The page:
Some quick notes for homebuyers:

• If your loan-to-value is over 90% and your lender submits your complete application to CMHC before June 1, 2015, you’ll       pay the old (cheaper) CMHC fees. It doesn’t matter when your mortgage closes.

• Submitting a pre-approval as opposed to a complete application will not hold the old insurance premiums.

• If you borrow your down payment, the fee is another 5 basis points (0.05%) higher, or 3.85% of the mortgage amount.

• If you live in Manitoba, Ontario and Quebec, you also have to pay provincial sales tax on your default insurance. That sales   tax cannot be rolled into the mortgage.

2 Apr

How Is Your Credit Score?


Posted by: John Dunford

If you want to get a loan or apply for a mortgage, your credit score is everything. That’s because it tells lenders how creditworthy you are. A low score means you’re more likely to fall behind on your debts. You’ll have a hard time qualifying for new credit, and even if you do, you’ll likely be hit with a super high interest rate. High scorers get the best rates on new credit because lenders can reasonably assume that they won’t flake out on their payments.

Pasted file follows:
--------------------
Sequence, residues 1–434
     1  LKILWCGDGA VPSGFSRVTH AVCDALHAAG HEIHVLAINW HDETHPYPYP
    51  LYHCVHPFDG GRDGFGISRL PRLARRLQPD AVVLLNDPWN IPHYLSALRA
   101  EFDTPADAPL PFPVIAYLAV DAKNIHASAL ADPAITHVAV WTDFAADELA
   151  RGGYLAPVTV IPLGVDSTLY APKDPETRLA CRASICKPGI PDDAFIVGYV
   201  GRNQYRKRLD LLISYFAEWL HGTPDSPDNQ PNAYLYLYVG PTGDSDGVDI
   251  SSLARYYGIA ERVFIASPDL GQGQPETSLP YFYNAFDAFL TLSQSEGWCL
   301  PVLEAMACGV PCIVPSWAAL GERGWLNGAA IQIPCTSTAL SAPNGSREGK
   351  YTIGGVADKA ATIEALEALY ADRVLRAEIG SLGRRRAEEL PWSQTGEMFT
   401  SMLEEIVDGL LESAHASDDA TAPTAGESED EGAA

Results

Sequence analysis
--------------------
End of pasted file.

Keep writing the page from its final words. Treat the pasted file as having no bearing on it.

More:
That being said, do you really know how you score is calculated?

To simplify things, we’re going to dive into the FICO score, which ranges from 300 to 850 and is the one most commonly used by lenders today. Once you know what factors go into your score, it’s much easier to understand what kinds of moves you should make if you want to improve your score.

There are 5 main factors that determine your FICO score:

Payment history. If your credit score was a pie, the biggest piece would belong to payment history. It accounts for 35% of your score. That means making on-time or late payments on all your credit accounts can really make or break you.

Debt balance. The next piece is how much debt you owe — it makes up 30% of your score. Credit companies really like people who use less than 30% of their available debt limit. That means if you’ve got three credit cards with a total credit line of $10,000, you don’t want to ever carry a balance of more than $3,000 at once.

Length of credit history. 15% of your score is determined by how old your credit history is — in general the older your accounts are, the better it is for your score.  But  even people who haven’t been using credit long can have high scores, depending on how good the rest of their credit report is, according to FICO.